While the old elite institutions, such as Moscow State University, remained politically powerful, new institutions were established, including the Western-styled Higher School of Economics (HSE) in Moscow, patterned originally after the London School of Economics before bridging out to an array of social science, engineering, and basic science fields.
The merger of institutions—essentially a process to reduce the Soviet-era focus on institutions for specific industrial niches, like telephones, or rail engineering—was generally needed and reconceptualized Russia’s network of universities.
These reforms brought a sense of optimism for Russian universities.
In the 1990s and into the early part of this century, there was a greater sense of academic freedom – although still constrained by Western standards—and the first significant opportunities to engage with European, US and other universities throughout the world.
The isolation of the Soviet era, built around a command economy, military needs, and severe constraints on criticism of the state, seemed to be dissipating.
But these same reforms, in turns out, also opened a new window for increased Kremlin power.
Putin’s ascendency to the presidency in 2000 and his elongated reign resulted in increased control over Russian society, including a pattern of greater Kremlin control over the governance and management of universities. This included a return to the Soviet practice of appointing rectors, increased influence on the appointment of conformist deans and faculty, and new constraints on interpreting Russia’s past and contemporary politics—a pattern of complicity found in other autocratic-leaning countries, including China, Turkey, and now in Hong Kong.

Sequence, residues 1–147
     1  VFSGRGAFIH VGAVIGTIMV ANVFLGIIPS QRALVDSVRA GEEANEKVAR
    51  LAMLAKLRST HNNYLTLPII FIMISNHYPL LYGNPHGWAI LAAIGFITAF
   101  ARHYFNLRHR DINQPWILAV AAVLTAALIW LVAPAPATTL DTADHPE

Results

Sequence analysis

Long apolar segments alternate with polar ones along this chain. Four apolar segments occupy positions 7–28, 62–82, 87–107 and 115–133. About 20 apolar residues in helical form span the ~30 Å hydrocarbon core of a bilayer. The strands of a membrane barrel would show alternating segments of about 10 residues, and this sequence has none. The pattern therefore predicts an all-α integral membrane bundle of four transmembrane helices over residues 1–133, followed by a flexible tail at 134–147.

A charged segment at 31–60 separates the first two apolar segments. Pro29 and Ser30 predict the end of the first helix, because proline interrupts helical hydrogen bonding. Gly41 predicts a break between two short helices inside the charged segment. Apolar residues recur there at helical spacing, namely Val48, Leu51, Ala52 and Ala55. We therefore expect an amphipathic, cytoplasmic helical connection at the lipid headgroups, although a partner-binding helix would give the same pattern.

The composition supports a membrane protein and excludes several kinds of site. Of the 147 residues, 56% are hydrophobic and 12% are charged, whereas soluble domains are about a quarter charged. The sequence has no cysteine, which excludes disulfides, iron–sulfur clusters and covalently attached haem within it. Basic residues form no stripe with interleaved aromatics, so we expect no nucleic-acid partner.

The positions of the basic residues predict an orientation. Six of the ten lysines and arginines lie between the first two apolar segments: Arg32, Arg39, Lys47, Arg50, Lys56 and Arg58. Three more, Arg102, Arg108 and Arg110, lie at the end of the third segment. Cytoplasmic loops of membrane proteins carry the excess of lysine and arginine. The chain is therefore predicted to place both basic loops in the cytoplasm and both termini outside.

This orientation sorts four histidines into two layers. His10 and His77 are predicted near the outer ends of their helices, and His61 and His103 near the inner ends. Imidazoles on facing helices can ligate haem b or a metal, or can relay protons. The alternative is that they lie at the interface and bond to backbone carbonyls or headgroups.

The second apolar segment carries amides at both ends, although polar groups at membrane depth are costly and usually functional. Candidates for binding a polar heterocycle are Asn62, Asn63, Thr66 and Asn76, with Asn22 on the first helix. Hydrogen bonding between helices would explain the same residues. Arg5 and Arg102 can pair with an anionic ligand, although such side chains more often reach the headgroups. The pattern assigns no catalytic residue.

These patterns of forcing Russia’s universities to comply with Kremlin’s political rhetoric accelerated in the period leading up to the invasion of Ukraine.
In the past year or so, Putin pursued a cleansing of university leadership. Dozens of universities have new, Kremlin-approved rectors, including HSE University Moscow, Moscow Institute of Physics and Technology, and regional flagships like Kazan Federal University. In an indicator of the clamp-down by the Kremlin, Sergey Zuev, a rector of the elite private Moscow School of Social and Economic Sciences boasting extensive partnerships with UK universities, was arrested.
The space for dissent and debate had nearly disappeared. Outspoken faculty and students came under overt pressure to conform, including increased surveillance by the Federal Security Service (the FSB, the successor of the KGB). In many universities, the FSB is now actively participating in the review of student admissions and academic personnel cases.
Because of their public or in some cases private criticism of the Kremlin, there was a clear message that disloyal faculty might be fired, or even arrested, even before Putin’s invasion of Ukraine.
The response to the war and growing global isolation